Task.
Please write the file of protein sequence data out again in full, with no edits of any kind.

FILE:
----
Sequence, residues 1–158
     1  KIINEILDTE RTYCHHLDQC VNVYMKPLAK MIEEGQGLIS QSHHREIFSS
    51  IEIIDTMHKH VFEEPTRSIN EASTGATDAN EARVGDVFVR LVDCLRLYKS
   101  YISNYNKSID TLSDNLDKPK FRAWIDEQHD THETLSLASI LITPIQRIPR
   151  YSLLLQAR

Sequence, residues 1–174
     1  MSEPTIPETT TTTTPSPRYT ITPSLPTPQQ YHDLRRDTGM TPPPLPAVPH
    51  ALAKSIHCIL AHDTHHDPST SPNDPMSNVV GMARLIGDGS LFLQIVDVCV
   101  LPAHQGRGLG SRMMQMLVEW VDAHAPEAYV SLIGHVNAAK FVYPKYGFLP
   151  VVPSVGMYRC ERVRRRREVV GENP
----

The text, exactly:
Sequence, residues 1–158
     1  KIINEILDTE RTYCHHLDQC VNVYMKPLAK MIEEGQGLIS QSHHREIFSS
    51  IEIIDTMHKH VFEEPTRSIN EASTGATDAN EARVGDVFVR LVDCLRLYKS
   101  YISNYNKSID TLSDNLDKPK FRAWIDEQHD THETLSLASI LITPIQRIPR
   151  YSLLLQAR

Sequence, residues 1–174
     1  MSEPTIPETT TTTTPSPRYT ITPSLPTPQQ YHDLRRDTGM TPPPLPAVPH
    51  ALAKSIHCIL AHDTHHDPST SPNDPMSNVV GMARLIGDGS LFLQIVDVCV
   101  LPAHQGRGLG SRMMQMLVEW VDAHAPEAYV SLIGHVNAAK FVYPKYGFLP
   151  VVPSVGMYRC ERVRRRREVV GENP